You have likely heard at some point in your life that brain injuries are extremely dangerous. Often, victims of a brain injury never fully recover, and they are left requiring living assistance or suffering from gaps in memory or even impaired motor functions. However, brain injuries are often discussed in a very general way, implying that all types of brain injuries are the same. This is not the case.
There are technically two overall classifications of brain injury, but even each classification has different types of brain injury. The two classifications are Traumatic Brain Injuries, which are the result of external force, and Acquired Brain Injuries, which are the result of something other than external force, generally an extended period of oxygen deprivation, such as from drowning or strangulation.
Traumatic Brain Injuries are perhaps the most common type of brain injury, and the most common type of TBI is a concussion. Concussions are the result of impact trauma to the head, which can come from being struck, falling, suffering whiplash and much more. Other TBIs include: diffuse axonal injuries, which come from severe shaking or rotating; contusions, which is similar to a concussion, but involves localized bleeding in the brain; and penetration injuries, which occur when an external object penetrates the skull or brain.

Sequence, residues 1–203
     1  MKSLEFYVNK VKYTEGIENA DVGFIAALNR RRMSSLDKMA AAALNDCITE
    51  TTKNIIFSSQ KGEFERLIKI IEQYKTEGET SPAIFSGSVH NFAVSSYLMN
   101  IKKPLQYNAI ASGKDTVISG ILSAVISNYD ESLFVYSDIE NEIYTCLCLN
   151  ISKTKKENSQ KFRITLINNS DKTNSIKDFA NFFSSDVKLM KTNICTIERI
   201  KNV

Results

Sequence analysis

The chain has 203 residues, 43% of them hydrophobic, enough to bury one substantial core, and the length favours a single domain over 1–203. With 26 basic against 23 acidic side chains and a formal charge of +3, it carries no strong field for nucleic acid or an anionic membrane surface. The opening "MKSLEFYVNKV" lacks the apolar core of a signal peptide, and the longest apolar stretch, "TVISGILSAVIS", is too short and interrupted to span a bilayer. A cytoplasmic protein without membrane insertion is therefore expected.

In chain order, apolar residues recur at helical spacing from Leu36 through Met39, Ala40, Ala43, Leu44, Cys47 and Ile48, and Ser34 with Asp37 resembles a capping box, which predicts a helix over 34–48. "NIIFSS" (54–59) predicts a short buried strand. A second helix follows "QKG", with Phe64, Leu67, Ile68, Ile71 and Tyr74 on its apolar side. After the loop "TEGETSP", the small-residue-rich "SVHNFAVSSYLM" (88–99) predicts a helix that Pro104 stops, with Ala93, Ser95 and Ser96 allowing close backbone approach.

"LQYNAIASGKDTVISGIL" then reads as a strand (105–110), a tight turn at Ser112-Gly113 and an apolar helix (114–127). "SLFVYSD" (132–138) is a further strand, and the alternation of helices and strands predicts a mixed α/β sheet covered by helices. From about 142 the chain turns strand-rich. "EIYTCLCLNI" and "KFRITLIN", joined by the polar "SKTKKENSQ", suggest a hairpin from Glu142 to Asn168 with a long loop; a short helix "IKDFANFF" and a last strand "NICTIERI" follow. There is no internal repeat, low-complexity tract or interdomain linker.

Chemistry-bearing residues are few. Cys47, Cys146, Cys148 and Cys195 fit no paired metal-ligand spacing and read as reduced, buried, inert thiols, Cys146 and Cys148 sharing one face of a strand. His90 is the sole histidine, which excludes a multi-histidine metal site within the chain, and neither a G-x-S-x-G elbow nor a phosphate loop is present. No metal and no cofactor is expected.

The type of brain injury you suffer can have a significant impact on your level of health and well-being and can also affect the severity of the injury. Concussions, for example, are not always life changing, but it is rare to suffer a penetration injury that does not require extensive medical assistance. If you experience any symptoms such as dizziness, nausea, severe headache or loss of consciousness, it is in your best interests to seek medical attention immediately. If you discover a brain injury that you believe was caused by someone else's negligence, consider meeting with an attorney to learn if you can recover compensation.